Lace and weddings go hand in hand......
When I was growing up in Crete, at a time when no one owned a car and people were able to sit outside their home on the street, all the women would come out in the afternoon after a day's work, and hang. They would stitch, or crochet and teach the younger girls to do the same. They would work on their daughters dowries. I created many cross-stitch and single stitch projects on painted needlepoint canvas those years. My sister was taught to crochet by a neighbor. She was really good at it and created many beautiful things for me like curtains and a blanket. Crochet lace is a lace I have known all my life. Missing those happy, relaxing, worry free days!!!
After I moved to the US and lived with my paternal grandmother, I saw that she knew how to crochet as well. She has made for me many doilies and an amazing crochet tablecloth that I even use today. Of coarse, as I was getting older, I was noticing other types of lace, machine made as people would say. These were more affordable and would be used for window treatments or decorating home furnishings.
We love using lace at ‘dahlia’. It’s elegant, romantic and just plain beautiful. We search for pretty lace everywhere we go and try to be very creative in how we use it. Wedding dresses have lace, why not our candles. There is no reason why you should not add some romance with lace to any style wedding!
Continue reading for a short history of lace
History of lace
The earliest forms of lace were not the woven fabric that we know today, but rather cutwork, that was first practiced by the nuns in the convents of central and southern Europe. This work was designed exclusively for altar decorations and the robes of bishops.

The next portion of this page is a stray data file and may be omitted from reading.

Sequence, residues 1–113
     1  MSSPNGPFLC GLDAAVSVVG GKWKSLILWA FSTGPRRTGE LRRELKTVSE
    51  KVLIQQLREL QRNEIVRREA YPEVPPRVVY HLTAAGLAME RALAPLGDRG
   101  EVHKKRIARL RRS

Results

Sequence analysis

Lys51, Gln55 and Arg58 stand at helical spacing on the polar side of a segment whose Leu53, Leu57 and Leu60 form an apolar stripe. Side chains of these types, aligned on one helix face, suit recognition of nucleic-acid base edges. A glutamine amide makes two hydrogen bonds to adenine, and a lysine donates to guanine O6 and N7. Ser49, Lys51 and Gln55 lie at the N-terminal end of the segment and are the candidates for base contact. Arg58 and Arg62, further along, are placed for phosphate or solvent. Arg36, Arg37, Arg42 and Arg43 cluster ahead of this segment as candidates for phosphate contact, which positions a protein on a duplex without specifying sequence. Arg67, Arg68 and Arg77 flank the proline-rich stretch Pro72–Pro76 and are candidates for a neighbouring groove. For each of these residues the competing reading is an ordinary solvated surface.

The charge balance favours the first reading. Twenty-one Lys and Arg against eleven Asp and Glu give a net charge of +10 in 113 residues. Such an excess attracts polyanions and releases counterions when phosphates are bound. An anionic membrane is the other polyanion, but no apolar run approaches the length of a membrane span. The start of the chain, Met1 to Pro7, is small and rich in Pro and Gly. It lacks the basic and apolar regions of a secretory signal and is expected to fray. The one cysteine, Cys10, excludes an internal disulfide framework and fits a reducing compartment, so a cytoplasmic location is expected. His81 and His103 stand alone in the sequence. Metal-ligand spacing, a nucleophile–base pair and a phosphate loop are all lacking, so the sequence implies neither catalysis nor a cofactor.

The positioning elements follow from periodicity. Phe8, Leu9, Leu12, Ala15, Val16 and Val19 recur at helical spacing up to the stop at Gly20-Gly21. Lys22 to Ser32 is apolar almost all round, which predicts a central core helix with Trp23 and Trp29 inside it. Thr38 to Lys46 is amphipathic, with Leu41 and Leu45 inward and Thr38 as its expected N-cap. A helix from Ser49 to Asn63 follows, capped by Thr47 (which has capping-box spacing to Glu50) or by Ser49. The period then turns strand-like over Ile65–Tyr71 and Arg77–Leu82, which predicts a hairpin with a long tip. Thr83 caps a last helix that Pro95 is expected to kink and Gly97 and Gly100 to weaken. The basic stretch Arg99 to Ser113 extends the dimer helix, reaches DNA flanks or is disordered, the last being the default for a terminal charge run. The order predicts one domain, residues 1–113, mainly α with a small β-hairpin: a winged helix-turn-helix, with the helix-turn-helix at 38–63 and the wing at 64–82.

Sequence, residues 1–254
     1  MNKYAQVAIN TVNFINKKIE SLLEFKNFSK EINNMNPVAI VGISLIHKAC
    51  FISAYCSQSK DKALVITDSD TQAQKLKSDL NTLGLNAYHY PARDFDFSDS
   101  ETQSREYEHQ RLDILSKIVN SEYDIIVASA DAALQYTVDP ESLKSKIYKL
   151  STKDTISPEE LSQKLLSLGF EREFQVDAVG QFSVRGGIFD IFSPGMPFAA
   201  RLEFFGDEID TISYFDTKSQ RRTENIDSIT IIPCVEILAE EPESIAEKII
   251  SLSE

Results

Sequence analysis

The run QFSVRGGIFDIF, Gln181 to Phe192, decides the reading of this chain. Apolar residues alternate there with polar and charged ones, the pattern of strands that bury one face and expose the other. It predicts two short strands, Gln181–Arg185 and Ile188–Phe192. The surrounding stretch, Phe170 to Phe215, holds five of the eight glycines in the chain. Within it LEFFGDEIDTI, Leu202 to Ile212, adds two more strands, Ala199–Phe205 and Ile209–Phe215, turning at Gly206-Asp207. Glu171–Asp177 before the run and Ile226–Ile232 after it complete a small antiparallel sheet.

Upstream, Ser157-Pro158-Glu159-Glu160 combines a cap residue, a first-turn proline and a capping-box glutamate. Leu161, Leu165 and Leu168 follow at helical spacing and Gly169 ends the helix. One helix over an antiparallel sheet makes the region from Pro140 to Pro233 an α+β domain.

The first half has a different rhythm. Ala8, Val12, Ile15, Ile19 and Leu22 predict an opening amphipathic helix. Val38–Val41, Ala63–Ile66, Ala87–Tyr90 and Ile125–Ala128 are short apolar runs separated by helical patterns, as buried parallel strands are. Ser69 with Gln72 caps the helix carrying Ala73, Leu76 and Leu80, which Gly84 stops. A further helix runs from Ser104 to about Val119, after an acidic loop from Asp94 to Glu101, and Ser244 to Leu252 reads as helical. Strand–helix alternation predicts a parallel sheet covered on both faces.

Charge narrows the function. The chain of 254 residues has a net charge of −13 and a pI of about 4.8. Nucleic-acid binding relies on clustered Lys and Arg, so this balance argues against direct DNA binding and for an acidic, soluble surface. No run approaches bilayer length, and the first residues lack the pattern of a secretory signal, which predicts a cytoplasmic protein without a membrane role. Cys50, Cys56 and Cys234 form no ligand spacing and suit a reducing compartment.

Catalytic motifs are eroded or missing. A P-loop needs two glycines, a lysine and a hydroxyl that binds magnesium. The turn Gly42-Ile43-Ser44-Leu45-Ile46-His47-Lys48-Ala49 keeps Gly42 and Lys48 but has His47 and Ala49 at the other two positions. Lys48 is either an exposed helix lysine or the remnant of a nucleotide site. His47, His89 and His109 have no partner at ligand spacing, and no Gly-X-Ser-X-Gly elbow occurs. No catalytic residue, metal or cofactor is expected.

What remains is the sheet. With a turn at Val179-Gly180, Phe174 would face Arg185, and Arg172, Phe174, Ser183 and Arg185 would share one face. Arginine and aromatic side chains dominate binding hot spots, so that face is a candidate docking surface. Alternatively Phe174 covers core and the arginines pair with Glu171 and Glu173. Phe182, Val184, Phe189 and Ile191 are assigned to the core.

The lace we know of today dates back to the sixteenth century. Due to it’s time-consuming production, it has always been an expensive luxury item. From the very beginning and on to the 18th century, it was worn by both aristocratic men and women and it was often the most costly part of their outfit. Lace adorned women’s and men’s collars and cuffs, draped women’s shoulders, hands, heads and even covered entire gowns. The limitless sums of money spent on extravagant laces prompted many rulers to place restrictions on the wearing and importing of lace from other countries. Regardless of the laws, the smuggling of lace was widespread.
In the beginning, lace was made by two distinct processes. Needle lace was created by the use of a needle with a single thread. The second, Bobbin Lace, was created by the use of many threads at once, each attached to bobbins and a pillow for support.
Lace styles evolved throughout the centuries in response to changes in fashion. There are two broad divisions of lace; hand-made lace and machine-made lace. In the world of commerce today the latter which has developed from the former, is the more important. This for the reason that hand-made lace, which is produced with such laborious toil, skill and patience, isn’t affordable by most and considered a luxury.